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Why an overall sum of squares does not tell the whole story

When there are 3 or more groups the overall F ratio from the ANOVA can miss specific relationships. For example it can miss trends between the means. The sums of squares term comparing k groups in an ANOVA represents the sum of k-1 orthogonal contrasts between the group means. It is possible for one of these contrasts to be present and for the overall F ratio to be non-significant especially when k is large. Note that when k=2 the test for the difference in group means is equivalent to a test of linear trend. In general the relationships between k group means can be exactly explained by contrasts representing trends upto order k-1. So three group means can be exactly explained by the sum of linear and quadratic contrasts and four means by the sum of linear, quadratic and cubic contrasts.

For example suppose we wish to compare three group means. The linear contrast between the group means is represented by the coefficients -1,0,1 and the quadratic contrast by the coefficients 1,-2,1. If we perform a linear regression on the response with an intercept and each person's linear and quadratic contrast coefficient based on which group they are in and add together the sums of squares for the two contrasts we will obtain the sum of squares from the usual ANOVA comparing the difference between the three group means. The reason for this additivity stems from the orthogonality of the contrasts.

So knowing the total sum of squares for the k-1 contrasts does not tell us anything about its component k-1 contrast sums of squares when k>2. It follows that, for example, a linear trend could be statistically significant even if the F ratio based on k-1 contrasts is non-significant and vice-versa. A SPSS example data set of six groups is given here where there is an overall linear trend on 1 degree of freedom (df) but the overall ANOVA sum of squares on 5 df is not statistically significant. You can see this by opening the attached SPSS data file and then running the syntax below in a syntax window in SPSS.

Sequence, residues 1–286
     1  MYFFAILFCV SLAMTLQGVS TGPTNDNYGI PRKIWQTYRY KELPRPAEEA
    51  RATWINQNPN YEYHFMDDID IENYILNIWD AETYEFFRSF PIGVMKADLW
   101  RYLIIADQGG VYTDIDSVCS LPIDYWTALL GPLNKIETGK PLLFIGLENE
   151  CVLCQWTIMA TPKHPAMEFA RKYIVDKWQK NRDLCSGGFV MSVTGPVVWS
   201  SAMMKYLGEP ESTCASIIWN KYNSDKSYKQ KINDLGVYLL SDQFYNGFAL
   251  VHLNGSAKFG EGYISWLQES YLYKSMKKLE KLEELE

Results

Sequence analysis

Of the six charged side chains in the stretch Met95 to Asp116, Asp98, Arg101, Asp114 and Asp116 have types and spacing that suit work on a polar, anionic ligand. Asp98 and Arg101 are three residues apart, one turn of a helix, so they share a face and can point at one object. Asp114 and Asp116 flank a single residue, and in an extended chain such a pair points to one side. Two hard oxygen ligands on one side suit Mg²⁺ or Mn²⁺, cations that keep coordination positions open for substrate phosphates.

score BY group

The means form a perfect linear trend going up by '1' moving from group to adjacent group but adjacent pairs of group means do not differ statistically from each other hence the overall non-significance of the group comparison in the ANOVA. The data in the above example were actually generated using Normal distributions with means of 1,2,3,4,5 and 6 for each of the six groups respectively and a common group standard deviation of 3.

See the post-hoc grad talk here for further examples of fitting orthogonal contrasts including a test of a trend.